Modern medicine, especially modern pharmacology is based on the principles of Classical Science – that is, the atom is the basic building block, then you have molecules which in turn form cells, which come together to form tissues, which groups again to form organs and then organs are classified into the various systems – digestive system, respiratory system, reproductive system, etc. So disease is understood and treated at the molecular level.

But wait a minute, why is modern medicine still talking in terms of Classical Science when other fields have adopted the Quantum approach! What is this Quantum Science?

Quantum Theory explains things at the sub-atomic level, stating that everything behaves both as a wave and as a particle. Heisenberg, the architect of Quantum Mechanics said this “underlying all physical matter is the intrinsically interconnected dynamic network of energy leaving nothing isolated in the universe”. Essentially, it means that all of us and everything around us is made up of waves of energy and we are all interconnected and influence each other.

So what would it look like if Quantum Science and not Classical Science was applied in Medicine – It would look very much like Ayurveda!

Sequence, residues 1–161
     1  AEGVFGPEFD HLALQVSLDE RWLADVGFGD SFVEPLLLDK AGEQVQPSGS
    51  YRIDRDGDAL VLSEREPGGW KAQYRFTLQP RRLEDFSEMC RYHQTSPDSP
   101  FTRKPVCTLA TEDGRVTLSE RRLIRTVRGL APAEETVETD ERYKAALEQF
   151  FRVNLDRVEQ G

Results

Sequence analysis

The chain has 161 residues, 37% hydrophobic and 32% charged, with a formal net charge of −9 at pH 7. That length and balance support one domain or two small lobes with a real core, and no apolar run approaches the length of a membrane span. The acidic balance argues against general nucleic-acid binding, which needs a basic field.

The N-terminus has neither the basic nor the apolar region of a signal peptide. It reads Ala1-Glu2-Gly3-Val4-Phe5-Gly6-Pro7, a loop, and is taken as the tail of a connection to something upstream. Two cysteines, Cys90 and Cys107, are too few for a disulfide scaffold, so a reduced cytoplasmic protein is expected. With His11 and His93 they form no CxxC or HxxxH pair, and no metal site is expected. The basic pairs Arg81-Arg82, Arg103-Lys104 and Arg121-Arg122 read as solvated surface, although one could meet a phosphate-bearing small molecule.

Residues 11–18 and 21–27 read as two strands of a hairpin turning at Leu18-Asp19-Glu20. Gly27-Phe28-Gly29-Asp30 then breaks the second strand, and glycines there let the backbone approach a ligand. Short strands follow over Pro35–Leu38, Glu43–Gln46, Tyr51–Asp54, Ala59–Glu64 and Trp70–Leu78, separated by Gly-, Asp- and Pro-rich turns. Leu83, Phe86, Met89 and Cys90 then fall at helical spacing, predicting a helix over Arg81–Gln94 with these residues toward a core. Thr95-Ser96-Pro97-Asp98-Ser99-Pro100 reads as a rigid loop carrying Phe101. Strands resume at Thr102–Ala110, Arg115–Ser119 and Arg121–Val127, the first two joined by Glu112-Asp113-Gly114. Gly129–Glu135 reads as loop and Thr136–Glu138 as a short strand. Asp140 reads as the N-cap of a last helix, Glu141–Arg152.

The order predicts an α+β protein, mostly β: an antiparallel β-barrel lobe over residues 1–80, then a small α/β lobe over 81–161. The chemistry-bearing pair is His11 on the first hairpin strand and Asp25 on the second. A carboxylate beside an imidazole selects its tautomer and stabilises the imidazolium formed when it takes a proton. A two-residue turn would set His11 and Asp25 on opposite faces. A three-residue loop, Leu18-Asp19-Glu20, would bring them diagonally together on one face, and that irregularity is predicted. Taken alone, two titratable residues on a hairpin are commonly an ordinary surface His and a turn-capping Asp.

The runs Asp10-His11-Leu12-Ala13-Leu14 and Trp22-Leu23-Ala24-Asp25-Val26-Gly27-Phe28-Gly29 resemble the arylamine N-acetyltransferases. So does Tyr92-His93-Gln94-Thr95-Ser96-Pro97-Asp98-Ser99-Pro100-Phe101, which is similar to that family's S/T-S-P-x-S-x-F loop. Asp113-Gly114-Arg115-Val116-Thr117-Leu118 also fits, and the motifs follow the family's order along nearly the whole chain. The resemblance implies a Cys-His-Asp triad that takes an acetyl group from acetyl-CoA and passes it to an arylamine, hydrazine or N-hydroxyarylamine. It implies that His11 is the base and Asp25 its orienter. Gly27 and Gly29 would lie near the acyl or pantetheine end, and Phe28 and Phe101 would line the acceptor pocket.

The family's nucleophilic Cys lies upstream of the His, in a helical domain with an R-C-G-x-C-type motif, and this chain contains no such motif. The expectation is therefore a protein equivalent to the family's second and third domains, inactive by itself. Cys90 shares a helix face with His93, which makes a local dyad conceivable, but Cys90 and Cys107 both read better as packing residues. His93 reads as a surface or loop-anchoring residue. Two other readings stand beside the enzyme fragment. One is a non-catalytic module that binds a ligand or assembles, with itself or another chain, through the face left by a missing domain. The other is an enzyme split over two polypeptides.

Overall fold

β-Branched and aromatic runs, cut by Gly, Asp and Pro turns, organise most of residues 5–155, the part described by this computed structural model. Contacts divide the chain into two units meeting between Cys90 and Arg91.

Ayurveda in that sense is far more “modern” than Modern Medicine.

Ayurveda in India’s cultural practices

An understanding of the basics of Ayurveda is a must if one has to interpret the cultural practices in India, especially those pertaining to menstruation.

Since Ayurveda works on the quantum theory, it goes beyond the atomic & molecular level, and dives deeper to the level of the forces which influence disease and cause the atoms and molecules to behave as they do.

Let me give you an example. Take the condition of Menorrhagia or Heavy Menstrual Bleeding. One of the reasons for women to bleed excessively is a hormonal imbalance. So the popular treatment in modern medicine involves Hormone Therapy, wherein synthetic hormones pills are consumed, which reduce menstrual flow. Needless to say, there are side effects as the body treats the artificial hormones as foreign entities. In this case, the treatment is aimed at hormones because we do not know what causes the hormones to be imbalanced.

Whereas in Ayurveda, the treatment is not directed at the hormones, but at the biological forces which cause the hormones to become imbalanced in the first place. By regulating the forces that control hormone secretion, the body’s natural rhythm and balance returns, naturally resulting in normal menstrual cycles.

So unlike popular conception, Ayurveda is not just about replacing chemical drugs with plant based drugs, NO. It in purest form, Ayurveda is about your body’s ability to heal itself and how YOU can facilitate that process.